Intermittent fasting really does work. I started back in April after working hard to lose 10 pounds the months previously, and by the end of May I had easily lost 8 more. I have a lot of weight to lose, more than fifty, so I shoot for 300 calories 12 hours apart. 7 AM then 7 PM. That way I don’t eat after 7 the night before so it is 12 hrs til breakfast then 12 hrs til dinner then another 12 hrs until the fast breaks. Even with it being summer fruits and barbecues I have lost 25 lbs with little effort. On fasting days I only eat protein and slow carb green vegetables. I’m 50 and peri menopause so anyone who is around my age knows how hard it can be to lose weight and keep it off. The 5:2 is easy and effective. When I plateau I’ll move down to 250 calories and maybe add in another day of fasting every other week.

  4. slawrence415@gmail.com
    Posted June 3, 2015 at 11:29 am | Permalink

    If following the 5:2 intermittent fasting structure, should the two fasting days be subsequent or can they be separated? Another question – would the days with minimal calorie intake detrimentally affect physical activity? Might one feel weak on these low-calorie days and under-perform on workouts?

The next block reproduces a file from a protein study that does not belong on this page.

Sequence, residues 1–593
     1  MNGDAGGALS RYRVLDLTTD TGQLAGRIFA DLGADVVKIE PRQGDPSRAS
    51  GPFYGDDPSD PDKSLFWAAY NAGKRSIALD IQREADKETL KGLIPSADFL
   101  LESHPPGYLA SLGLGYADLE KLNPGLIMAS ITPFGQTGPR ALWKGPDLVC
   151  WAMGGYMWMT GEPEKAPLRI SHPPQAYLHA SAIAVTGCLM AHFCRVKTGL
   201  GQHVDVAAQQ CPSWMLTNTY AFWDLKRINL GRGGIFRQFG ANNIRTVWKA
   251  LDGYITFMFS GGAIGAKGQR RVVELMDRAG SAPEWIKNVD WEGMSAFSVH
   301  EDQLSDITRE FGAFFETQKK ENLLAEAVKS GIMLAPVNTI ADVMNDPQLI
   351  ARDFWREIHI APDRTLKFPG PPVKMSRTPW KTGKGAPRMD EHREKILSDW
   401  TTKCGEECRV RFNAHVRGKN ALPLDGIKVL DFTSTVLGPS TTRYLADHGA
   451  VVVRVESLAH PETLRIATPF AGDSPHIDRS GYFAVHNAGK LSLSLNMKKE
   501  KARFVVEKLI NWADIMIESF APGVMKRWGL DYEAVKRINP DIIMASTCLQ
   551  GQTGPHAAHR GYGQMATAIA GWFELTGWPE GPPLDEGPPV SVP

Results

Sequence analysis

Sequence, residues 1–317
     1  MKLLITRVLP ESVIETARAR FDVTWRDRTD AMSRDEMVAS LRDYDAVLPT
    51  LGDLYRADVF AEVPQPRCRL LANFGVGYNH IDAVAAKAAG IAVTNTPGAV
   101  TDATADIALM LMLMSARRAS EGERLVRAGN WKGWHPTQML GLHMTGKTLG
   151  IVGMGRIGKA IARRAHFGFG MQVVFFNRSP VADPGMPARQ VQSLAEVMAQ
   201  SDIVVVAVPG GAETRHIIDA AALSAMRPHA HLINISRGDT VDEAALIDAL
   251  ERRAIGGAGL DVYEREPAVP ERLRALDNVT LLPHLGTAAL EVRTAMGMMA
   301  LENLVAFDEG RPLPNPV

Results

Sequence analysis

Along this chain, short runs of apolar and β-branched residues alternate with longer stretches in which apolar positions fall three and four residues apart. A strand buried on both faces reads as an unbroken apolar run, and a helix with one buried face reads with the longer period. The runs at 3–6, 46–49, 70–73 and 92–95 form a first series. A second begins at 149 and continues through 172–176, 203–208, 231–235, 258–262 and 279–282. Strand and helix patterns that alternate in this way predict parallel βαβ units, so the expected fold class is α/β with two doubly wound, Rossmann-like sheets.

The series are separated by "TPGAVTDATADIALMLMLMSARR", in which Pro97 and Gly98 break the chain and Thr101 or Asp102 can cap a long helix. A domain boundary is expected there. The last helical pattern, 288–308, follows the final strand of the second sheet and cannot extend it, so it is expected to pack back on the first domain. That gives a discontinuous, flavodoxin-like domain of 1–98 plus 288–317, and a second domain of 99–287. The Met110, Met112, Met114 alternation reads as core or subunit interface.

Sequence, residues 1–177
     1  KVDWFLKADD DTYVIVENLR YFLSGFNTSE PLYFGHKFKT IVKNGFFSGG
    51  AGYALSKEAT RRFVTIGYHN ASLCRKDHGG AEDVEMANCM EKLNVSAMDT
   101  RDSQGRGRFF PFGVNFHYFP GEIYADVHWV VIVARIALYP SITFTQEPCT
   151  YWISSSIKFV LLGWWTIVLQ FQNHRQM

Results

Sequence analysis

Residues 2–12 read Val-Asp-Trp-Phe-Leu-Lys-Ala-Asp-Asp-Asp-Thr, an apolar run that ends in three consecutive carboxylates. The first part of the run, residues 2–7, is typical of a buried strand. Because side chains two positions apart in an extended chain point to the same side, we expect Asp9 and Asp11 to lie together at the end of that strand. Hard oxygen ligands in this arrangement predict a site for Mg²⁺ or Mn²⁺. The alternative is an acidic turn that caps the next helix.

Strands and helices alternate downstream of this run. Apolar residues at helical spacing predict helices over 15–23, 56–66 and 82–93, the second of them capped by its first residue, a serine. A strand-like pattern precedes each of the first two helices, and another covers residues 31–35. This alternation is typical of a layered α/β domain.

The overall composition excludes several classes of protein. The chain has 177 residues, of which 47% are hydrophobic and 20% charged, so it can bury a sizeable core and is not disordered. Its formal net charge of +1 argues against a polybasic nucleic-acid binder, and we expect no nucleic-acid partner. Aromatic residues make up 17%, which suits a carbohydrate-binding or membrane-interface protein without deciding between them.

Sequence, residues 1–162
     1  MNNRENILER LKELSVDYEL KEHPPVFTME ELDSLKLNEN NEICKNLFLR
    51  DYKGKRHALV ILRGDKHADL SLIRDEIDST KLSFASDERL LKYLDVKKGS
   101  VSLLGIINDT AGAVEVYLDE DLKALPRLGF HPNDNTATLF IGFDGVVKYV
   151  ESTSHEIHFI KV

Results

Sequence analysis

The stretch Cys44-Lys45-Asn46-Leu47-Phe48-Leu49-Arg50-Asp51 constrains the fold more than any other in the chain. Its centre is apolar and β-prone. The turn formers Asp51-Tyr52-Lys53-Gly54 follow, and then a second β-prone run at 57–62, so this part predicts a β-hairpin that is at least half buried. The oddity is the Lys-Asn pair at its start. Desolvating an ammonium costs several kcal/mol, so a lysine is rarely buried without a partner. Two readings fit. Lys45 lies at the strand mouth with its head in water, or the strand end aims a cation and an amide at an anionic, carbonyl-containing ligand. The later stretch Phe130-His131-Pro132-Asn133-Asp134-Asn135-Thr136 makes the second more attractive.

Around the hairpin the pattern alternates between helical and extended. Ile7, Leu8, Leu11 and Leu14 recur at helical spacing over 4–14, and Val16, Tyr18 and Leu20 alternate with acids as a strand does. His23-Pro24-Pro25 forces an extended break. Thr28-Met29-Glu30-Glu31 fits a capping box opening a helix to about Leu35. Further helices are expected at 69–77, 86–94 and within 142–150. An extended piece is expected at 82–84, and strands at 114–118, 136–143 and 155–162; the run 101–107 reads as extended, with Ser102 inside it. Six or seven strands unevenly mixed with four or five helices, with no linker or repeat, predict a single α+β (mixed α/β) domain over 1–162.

5. andrewwilson@waitrose.com
    Posted June 3, 2015 at 12:32 pm | Permalink

    I had great success with fasting 16 hours every day from a late lunch. Then I read some research which compared weight loss among fasters, and people on restricted calorie diets. Both lost about the same amount of weight, but only the restricted calorie eaters lost all fat, the fasting group lost mostly mixed tissue. I am assuming that during the fasting period the body cannibalised itself in desperation, whereas as the restricted calorie eaters used up unwanted fat reserves. So I am trying now to restrict calories but keep up a balanced three meal a day diet.